The man at the top of the mountain didn’t fall there. ~ Vince Lombardi, Jr.
So how did the man get to the top? Hard work. He put one foot in front of the other, one step at a time. That’s the same way to write a book, one word after another.
In past posts, we’ve talked about our different styles of writing. Some writers outline, other write by the seat of their pants. I’m a linear thinker. Usually, I begin at the beginning and write through to the end. Except once.
My current WIP was the exception. I knew writers who wrote scenes out of order. I tried that. What a mess. (For me.) I’m sure it works for others. Writing scenes as they hit me led to chaos, especially as I tried to make sense of those scenes fifteen years later. As I said, a mess.
The fun thing about this experience is that I’m coming down the homestretch. As of yesterday, I have less than 10,000 words to finish. I remember writing the end scene. Could I find it? Heck, no. Eventually, I discovered an “outline” where I’d written the last scene as if telling the end. I knew I’d written it. Now I need to rewrite it, showing not telling.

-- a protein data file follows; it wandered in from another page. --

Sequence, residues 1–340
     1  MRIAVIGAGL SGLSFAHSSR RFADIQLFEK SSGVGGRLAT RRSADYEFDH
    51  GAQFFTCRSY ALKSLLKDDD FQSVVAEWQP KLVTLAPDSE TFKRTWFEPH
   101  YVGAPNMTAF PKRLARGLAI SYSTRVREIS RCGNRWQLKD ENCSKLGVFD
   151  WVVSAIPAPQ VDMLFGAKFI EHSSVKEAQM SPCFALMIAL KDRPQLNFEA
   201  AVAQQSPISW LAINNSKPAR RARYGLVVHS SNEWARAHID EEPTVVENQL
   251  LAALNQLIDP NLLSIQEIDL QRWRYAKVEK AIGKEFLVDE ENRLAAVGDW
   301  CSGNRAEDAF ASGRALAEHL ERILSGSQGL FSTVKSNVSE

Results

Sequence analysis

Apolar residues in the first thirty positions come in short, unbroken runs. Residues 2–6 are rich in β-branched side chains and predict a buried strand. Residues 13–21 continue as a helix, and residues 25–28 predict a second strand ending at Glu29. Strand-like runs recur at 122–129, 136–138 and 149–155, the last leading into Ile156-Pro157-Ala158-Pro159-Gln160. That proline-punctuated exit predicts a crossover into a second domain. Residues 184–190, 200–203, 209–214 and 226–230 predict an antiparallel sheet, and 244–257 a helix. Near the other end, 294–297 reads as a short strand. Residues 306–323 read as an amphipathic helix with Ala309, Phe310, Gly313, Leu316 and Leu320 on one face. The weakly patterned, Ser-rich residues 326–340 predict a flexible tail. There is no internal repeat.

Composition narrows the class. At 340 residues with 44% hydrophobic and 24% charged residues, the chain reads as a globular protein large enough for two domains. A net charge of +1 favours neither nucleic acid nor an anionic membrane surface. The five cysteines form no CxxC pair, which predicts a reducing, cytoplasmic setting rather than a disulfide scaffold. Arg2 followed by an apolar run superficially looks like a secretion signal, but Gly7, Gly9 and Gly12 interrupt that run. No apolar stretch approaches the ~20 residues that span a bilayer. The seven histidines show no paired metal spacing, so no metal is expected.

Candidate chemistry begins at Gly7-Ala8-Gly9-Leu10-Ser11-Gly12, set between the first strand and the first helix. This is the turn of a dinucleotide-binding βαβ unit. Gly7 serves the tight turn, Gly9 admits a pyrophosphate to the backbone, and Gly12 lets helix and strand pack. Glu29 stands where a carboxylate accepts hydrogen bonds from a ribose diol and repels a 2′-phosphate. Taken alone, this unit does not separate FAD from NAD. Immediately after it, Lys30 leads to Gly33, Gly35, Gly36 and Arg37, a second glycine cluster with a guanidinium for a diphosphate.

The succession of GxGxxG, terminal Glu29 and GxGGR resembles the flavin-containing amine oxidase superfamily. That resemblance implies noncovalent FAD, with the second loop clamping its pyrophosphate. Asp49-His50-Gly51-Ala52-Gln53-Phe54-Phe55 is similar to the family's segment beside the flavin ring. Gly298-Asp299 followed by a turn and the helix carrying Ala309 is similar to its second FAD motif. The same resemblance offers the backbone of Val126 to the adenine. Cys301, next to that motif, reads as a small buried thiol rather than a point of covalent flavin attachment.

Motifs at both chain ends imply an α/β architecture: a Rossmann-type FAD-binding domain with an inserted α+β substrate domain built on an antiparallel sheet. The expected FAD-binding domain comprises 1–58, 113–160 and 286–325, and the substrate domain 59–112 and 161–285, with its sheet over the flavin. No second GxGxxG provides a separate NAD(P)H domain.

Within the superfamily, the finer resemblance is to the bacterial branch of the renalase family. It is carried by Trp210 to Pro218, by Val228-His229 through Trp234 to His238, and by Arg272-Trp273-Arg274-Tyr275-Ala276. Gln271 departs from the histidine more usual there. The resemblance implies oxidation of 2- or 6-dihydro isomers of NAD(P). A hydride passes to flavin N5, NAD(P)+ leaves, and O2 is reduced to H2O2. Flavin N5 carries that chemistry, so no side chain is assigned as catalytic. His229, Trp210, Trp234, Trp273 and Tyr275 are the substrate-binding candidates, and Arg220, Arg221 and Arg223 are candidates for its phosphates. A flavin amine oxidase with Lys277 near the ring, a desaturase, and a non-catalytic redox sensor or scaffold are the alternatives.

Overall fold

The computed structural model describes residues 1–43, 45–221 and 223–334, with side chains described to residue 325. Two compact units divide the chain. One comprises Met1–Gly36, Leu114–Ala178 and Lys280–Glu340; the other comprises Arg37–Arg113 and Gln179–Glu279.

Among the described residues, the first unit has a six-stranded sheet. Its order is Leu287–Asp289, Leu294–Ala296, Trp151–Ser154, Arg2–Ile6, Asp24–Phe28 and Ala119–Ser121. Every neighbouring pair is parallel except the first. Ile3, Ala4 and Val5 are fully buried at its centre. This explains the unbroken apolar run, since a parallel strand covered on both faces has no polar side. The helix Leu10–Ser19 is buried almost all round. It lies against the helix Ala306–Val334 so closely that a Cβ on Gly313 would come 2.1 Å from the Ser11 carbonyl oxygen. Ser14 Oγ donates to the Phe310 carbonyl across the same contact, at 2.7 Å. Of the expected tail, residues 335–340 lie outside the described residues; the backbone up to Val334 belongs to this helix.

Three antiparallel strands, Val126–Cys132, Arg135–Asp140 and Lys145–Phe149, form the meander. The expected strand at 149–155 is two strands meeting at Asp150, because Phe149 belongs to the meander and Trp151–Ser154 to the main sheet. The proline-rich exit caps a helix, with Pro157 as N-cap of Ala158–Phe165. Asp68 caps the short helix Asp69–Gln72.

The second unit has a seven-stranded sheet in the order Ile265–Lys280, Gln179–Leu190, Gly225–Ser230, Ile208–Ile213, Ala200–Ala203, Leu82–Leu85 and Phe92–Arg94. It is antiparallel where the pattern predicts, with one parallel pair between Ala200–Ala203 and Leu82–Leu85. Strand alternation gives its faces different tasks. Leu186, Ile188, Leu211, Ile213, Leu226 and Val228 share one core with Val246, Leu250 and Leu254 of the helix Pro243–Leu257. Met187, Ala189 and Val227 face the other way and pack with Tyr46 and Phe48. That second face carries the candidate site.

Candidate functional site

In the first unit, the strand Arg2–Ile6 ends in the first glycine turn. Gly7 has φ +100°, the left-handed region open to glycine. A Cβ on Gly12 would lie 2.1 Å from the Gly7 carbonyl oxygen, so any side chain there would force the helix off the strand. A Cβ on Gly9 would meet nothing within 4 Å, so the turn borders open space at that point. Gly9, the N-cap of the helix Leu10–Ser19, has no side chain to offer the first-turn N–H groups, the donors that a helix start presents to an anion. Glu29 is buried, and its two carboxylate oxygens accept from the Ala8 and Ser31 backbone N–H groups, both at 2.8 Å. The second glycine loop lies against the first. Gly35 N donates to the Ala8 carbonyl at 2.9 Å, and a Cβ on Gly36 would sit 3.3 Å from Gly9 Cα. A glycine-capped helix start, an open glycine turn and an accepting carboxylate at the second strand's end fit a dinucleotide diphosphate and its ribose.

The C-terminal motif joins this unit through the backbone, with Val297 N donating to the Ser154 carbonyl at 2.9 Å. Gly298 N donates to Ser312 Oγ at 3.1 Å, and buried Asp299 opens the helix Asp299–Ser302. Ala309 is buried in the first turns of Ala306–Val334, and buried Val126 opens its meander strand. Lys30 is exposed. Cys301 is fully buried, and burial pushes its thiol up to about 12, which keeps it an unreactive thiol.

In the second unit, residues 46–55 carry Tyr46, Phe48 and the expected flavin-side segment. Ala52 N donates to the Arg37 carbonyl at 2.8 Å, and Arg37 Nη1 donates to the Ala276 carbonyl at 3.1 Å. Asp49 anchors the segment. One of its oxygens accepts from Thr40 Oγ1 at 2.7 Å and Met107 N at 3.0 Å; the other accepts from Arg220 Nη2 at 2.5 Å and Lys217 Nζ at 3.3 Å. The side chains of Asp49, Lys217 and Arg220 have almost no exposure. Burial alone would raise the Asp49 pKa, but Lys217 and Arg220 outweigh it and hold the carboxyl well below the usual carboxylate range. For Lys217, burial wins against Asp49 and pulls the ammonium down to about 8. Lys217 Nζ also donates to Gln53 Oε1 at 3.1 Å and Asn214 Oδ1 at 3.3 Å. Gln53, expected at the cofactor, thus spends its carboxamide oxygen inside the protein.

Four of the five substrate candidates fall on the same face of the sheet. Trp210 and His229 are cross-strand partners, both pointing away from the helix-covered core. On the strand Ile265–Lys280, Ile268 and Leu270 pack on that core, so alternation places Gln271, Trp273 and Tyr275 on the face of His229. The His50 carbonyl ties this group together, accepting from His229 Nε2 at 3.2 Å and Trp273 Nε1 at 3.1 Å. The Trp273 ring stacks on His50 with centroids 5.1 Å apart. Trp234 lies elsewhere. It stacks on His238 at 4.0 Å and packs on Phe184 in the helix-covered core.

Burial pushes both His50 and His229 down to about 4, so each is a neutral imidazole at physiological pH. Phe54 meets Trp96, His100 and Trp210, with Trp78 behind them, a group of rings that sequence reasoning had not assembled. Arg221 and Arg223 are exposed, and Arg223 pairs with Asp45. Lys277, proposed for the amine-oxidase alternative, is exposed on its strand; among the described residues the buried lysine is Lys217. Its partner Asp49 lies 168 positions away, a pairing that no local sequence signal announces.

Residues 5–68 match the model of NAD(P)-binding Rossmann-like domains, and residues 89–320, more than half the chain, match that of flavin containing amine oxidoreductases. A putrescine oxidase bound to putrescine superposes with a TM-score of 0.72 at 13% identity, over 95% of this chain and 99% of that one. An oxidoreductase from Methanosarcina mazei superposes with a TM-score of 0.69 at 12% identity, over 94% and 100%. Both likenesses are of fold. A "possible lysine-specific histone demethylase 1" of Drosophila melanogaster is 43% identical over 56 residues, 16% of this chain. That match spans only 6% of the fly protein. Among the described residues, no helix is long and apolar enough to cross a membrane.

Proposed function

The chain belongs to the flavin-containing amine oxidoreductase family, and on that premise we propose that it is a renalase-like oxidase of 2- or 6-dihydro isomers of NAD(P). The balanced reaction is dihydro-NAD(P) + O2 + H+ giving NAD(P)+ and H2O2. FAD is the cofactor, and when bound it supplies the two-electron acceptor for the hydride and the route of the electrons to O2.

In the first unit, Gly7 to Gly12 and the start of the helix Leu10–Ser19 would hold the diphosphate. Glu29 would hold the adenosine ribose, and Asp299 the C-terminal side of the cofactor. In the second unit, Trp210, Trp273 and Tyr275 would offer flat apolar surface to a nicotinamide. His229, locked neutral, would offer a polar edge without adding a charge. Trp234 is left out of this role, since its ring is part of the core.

Anne Lamott, author of Bird by Bird, shares the advice her father gave her brother when overwhelmed by a homework assignment about birds. He said to take it bird by bird.
It’s exciting to realize I’m so close to the end. I’m not celebrating yet. That’s usually when the bottom drops out. So I’m putting one foot in front of the other. I’m going to reach the top—not by falling, but by working hard, by taking it bird by bird.
Blurb, NUMBERS NEVER LIE:
A shocking secret brings danger to Jack Sinclair and his sister Maggie.
As kids, they were the fearless threesome. As adults, Jack's an accountant; Drew, a lawyer; Maggie, a teacher and camping troop leader. Returning from a weekend camping trip, Maggie receives horrifying news. She refuses to believe her brother’s fatal car crash was an accident. If the police won’t investigate, she’ll do it herself. Convincing Drew Campbell to help is her only recourse.
Drew Campbell was too busy to return his best friend’s phone call. Too busy to attend a camping meeting important to his teen daughter. Too busy to stay in touch with Jack. Logic and reason indicate Jack’s accident was just that--an accident caused by fatigue and fog. Prodded by guilt, he’ll help Maggie even if he thinks she’s wrong.
When vandals destroy Jack’s condo Maggie is convinced she’s right. Then her home is searched. What did Jack leave behind?
While waiting for this romantic suspense to be released, you can read snippets every weekend on my blog for Weekend Writing Warriors.